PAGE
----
• Hi Diane , I can totally relate to your insomnia. There is a pattern going on where I will sleep too much on Saturday and then I can't sleep at nite, like today. This happens 3 to 4 days a week and I can't get a job unless it falls on the days says:

      continuing my sentence, where it is hard for me too sleep on Saturdays, because I sleep too much during the day. I tried Ambien and got up to go to the bathroom and fell on the floor. I am using a sleep aid called Restoril generic name is Temazepam 15mg. I have been worried about finances too, since I haven’t been able to work. I went to a sleep study and they said that I have sleep apnea, but if I lose some weight I think the sleep apnea would be solved.

  2. Chris M. says:

    Hi Dianne, Dr. Amen has a very helpful product called neurolink which will help with overall calm mental state. For sleep, dr.murray’s chewable sleep tablets combined with pro health theanine calm- plex found on amazon are helpful for sleep. Being able to get into a meditative state is crucial for you so fhu.com has a cure stress device which can get you into that state. Itunes and amazon also has yoga nidra cds for stress and trauma relief which will also help. Walking in nature, prayer, spending time with positive people and music, pool/hot tub/sauna/epsom salt baths, vegetable smoothies and green powders will further benefit. Hope this helps-Chris

  3. Chris M. says:

    Also, calm magnesium and avoiding computer/stimulating tv at night and qi gong helps too.

  4. Pam says:

    Dr Amen doesn’t talk about Adrenalin or how Adrenalin dominance can be a factor in all of these symptoms.
    ADD stim MEDS. Do you have any info on his balancing hormones can help??

  5. Pam says:

    Meant to say ADD stim meds only make this Adrenalin/cortisol dominance worse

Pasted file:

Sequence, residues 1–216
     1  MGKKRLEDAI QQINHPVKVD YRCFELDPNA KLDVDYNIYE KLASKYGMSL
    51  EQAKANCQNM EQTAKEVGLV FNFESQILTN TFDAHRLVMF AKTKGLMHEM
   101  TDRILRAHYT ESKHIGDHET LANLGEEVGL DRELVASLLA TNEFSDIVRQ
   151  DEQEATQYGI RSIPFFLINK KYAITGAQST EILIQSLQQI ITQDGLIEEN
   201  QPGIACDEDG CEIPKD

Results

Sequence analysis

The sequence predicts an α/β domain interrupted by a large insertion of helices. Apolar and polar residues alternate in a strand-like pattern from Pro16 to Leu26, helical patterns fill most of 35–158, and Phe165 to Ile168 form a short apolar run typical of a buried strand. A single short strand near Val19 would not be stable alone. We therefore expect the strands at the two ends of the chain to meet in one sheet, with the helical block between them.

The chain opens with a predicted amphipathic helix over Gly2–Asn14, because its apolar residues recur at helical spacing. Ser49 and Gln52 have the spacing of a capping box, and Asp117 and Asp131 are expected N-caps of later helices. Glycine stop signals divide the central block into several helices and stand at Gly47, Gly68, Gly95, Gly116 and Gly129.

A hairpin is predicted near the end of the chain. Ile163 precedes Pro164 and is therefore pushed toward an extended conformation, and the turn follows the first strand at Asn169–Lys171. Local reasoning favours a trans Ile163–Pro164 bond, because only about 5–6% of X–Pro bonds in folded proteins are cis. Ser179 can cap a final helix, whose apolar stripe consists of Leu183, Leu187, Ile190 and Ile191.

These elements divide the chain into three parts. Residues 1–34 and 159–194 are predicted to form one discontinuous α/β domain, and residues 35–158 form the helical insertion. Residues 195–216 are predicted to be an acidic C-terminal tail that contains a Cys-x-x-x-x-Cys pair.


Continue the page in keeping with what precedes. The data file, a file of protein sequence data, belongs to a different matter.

6. Jeanne S says:

    A few things that have helped me

    1. Melatonin at bedtime
    2. No Caffeine afternoon
    3. Camomile tea in the evening
    4. no electronics after 8 pm
    5. Cool bedroom
    6. Cardio exercise- walking works too..

  7. Susan D. Gorman, M.A., SEP says:

    Thank you for this instructive article which connects insomnia to depression. I applaud the concept of bi-weekly talk therapy rather than medication and the positive approach of teaching a technique of cognitive behavior therapy for insomnia to those experiencing insomnia which can be empowering.

    Helping people with insomnia to change their perspective from a problem to a new way of seeing that insomnia is not a problem to fix. We can learn to take a kinder and gentler approach with ourselves. Meditation can also be helpful in easing one into sleep along with the four points listed in the article.

    Another very important point is that rumination, insomnia, and depression are totally interconnected. We must ultimately have the courage to address and face our underlying issues that keep us in the “merry-go-round of insomnia, rumination, and depression.” There is Hope for a better life for each of us when we choose to be honest, open and willing with ourselves and others and to stay the course of change and opportunity for growth.

  8. Hi Diane , I can totally relate to your insomnia. There is a pattern going on where I will sleep too much on Saturday and then I can't sleep at nite, like today. This happens 3 to 4 days a week and I can't get a job unless it falls on the days says:

    Thank you Chris, I am going to order neurolink and try that, I do take magnesium but when I can’t sleep on go on the computer and read comments like yours because I know I won’t sleep until sometime tonite.